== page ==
Zoe's Summer of Independence
What Frustrates You Most About Your Special Needs Child?

Mitochondrial Disease Awareness Week is Over, and What Our Future Holds..

Girls912
Zoe is ten now, TEN. Once upon a time , we weren’t even sure she would live this long. That’s what it’s like when you have a young sick child, diagnosed with mitochondrial disease.

I have been reading about mitochondrial disease all week, and thinking about how rarely we speak of it now. How we had to move on with our life and had to start living it. How time can change things.

Our questions about Zoe’s future were impossible to answer, and the only clinical estimate Zoe’s Doctor offered was “ The earlier the onset of the disease, and the more organ systems involved, the more severe the progression.” Zoe was almost 3, and we knew mitochondrial disease was affecting her brain, her muscles, her eyes and kidneys." This wasn't hopeful news. 

 Although Zoe’s diagnosis was not as severe as some, like this family’s story just published by CNN, the plan was the same- take your medicine, and take care- do whatever you can to avoid illness and fatigue and we’ll see what the future brings. 

It has been a long ten years- and by looking at this picture, you wouldn’t know that. You can’t see the power wheelchair Zoe needs to move through large areas like school , or her push chair that we used on the day this picture was taken. You can’t see the walker she needs to stand unassisted or move through our home. You can’t see how her every moment, each step, each activity in her life has been adapted for her success and independence.

 Mitochondrial disease CAN be invisible, but it is a genetic storm that leaves a path of tragedy. Within the last year alone, our community has lost 3 little girls close to Zoe’s age .

 What you can’t see when you look at this picture, is a 10 year old girl who is missing 40 percent of her cerebellum, has generalized epilepsy and a long list of other symptoms. 

You CAN see she is doing better than expected. You can see her spirit and her beauty, and the love she has for life. The way she laughs so easily, though each movement she makes is a challenge. She is a kid who gives everything her all, including living life to the fullest and fighting her fatigue. Like her Daddy says.. “ That’s just how we roll ...”

 What you can’t see in this picture is that her big sister is affected too- her diagnosis had a better statistic as she was diagnosed later and had less organ systems involved. Daily she manages medicine and energy issues. She lives her life  like a typical kid, pushing her body to the limit, trying to achieve what is sometimes physically impossible. When I look at this picture, I see her beauty and perseverance,and how her vulnerability is so invisible to others.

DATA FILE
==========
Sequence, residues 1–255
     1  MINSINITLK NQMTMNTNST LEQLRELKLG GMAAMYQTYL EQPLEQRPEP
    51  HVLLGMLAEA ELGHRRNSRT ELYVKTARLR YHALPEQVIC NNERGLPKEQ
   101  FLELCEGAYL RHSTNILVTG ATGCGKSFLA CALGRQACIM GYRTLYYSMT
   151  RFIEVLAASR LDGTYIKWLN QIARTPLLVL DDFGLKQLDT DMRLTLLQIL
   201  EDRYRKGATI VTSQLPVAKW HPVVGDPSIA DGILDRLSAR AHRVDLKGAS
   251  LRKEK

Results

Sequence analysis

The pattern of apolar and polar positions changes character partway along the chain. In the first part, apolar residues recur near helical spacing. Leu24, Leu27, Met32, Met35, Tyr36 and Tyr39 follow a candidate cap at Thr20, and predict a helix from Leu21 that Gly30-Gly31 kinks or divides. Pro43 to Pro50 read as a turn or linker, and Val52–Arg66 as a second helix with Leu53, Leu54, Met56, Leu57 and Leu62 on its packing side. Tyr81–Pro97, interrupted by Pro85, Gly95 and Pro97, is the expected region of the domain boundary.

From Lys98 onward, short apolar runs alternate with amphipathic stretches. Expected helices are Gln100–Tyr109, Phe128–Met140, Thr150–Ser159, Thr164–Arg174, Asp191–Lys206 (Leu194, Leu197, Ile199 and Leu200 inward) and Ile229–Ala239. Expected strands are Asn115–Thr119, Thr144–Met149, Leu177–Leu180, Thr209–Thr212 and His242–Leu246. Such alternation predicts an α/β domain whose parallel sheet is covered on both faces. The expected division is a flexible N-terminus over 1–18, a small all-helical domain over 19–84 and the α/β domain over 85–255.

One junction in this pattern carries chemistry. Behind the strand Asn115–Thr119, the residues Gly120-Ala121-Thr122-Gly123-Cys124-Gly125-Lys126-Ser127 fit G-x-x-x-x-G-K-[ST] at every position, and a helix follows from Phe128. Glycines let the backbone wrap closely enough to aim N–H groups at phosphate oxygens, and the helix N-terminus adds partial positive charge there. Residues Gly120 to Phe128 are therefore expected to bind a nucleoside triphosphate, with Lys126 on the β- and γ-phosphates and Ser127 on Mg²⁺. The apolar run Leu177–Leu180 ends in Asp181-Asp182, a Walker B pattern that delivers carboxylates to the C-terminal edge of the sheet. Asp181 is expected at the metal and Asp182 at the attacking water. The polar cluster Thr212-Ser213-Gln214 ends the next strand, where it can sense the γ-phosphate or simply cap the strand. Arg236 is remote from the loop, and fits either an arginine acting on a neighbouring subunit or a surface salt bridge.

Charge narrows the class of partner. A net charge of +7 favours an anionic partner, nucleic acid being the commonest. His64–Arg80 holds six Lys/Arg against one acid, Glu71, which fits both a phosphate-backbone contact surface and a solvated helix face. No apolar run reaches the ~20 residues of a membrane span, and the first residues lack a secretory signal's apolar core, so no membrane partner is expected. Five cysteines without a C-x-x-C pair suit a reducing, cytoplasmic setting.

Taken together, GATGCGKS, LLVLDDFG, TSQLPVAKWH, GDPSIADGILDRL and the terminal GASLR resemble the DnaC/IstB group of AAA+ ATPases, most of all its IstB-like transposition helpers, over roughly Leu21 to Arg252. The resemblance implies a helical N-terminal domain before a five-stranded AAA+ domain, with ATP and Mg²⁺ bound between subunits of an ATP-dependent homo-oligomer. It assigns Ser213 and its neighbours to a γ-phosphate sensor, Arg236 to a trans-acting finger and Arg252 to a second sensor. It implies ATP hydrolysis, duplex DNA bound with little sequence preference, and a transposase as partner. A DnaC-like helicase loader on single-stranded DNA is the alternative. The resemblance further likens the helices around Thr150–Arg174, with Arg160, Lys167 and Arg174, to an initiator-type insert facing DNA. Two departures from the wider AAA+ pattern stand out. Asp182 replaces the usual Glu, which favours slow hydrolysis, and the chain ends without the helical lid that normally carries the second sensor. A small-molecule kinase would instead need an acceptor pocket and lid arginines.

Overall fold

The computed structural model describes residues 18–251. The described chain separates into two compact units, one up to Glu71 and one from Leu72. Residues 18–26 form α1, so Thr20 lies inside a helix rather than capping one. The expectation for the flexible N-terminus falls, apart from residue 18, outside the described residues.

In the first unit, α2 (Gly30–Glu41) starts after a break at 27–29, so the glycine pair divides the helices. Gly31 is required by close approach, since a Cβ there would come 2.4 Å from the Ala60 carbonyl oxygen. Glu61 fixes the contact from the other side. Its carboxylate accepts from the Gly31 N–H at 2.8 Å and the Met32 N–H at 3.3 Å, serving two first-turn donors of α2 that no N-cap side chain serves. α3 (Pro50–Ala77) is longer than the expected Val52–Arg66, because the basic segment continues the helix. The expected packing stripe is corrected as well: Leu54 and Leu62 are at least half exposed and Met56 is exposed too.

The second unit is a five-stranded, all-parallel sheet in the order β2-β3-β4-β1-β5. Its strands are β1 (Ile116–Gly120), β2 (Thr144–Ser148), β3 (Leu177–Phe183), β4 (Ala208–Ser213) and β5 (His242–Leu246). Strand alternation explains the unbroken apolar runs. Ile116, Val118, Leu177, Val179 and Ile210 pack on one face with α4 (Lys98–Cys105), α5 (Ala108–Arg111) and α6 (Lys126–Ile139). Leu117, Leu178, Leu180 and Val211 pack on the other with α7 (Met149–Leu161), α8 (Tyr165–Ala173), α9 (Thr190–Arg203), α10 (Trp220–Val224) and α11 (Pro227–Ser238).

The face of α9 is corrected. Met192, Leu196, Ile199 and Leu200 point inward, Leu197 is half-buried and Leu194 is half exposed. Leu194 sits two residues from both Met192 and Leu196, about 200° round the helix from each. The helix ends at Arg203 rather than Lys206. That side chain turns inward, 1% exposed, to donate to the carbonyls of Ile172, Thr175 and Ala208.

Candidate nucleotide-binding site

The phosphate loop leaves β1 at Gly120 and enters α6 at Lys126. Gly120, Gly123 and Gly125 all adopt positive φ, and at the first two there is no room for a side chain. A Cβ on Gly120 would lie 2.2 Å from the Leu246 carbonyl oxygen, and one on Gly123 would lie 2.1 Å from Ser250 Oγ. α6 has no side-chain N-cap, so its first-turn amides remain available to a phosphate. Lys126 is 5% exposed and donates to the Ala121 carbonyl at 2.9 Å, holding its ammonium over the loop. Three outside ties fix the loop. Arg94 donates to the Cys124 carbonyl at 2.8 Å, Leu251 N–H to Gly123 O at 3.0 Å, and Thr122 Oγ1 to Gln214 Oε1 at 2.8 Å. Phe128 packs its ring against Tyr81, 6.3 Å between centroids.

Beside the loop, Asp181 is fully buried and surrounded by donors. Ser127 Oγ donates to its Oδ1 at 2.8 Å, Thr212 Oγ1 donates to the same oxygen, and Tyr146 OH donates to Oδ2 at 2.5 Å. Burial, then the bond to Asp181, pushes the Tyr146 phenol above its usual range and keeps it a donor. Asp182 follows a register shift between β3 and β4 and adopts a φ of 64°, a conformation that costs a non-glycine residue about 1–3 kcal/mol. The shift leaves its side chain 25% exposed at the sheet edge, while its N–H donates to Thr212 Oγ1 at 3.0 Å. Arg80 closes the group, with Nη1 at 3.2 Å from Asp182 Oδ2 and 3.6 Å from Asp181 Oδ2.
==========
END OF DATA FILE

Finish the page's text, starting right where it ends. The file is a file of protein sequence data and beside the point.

What you can’t see is how being their parents affects our daily life. Living this life and loving these girls gives us a unique perspective- what’s really important, what is truly necessary and what we can achieve with faith and family.

 Time is flying by- and life isn’t getting any easier, caring for our kids- keeping them healthy to prevent metabolic crashes has a cost - lost relationships, and missed opportunities of all sorts. It is hard to explain to someone else the time involved caring for my kids, managing their energy, the personal hands-on care that prevents me from answering a call because my hands are literally full , the care required that prevents me from attending an event or going out . To new mom friends, I embarassingly explain, trying to cut to the chase-  "it’s like when you had a toddler, a 24/7 job," yet sometimes they still don’t get it. And I admit, I thought it would get easier, I am an optimist after all, so I always think I got it covered, that I am ahead of the game - until the next crisis calls. 

Yesterday, Zoe asked me about driving her Daddy's Hummer when she gets her license, something I know will never happen. An hour later, she talked about being married someday and being a Mom like me. There was a time when a conversation like this could reduce me to tears, but today standing where I didn't think I'd ever be.. no tears. Heartache?  Sure. I know our future won't be predictable or typical, but I have hope and the belief that Zoe will continue to amaze us.

We will celebrate the every day.I know this is an invisible disease that other people sometimes can’t see, but I can. I can look at this picture and see it all, how far we have come- and how far we CAN go. 

... and for our family & friends who want to better understand and share with their kids, what mitochondrial disease is- check out this awesome quick visual by mitocanada.org

Comments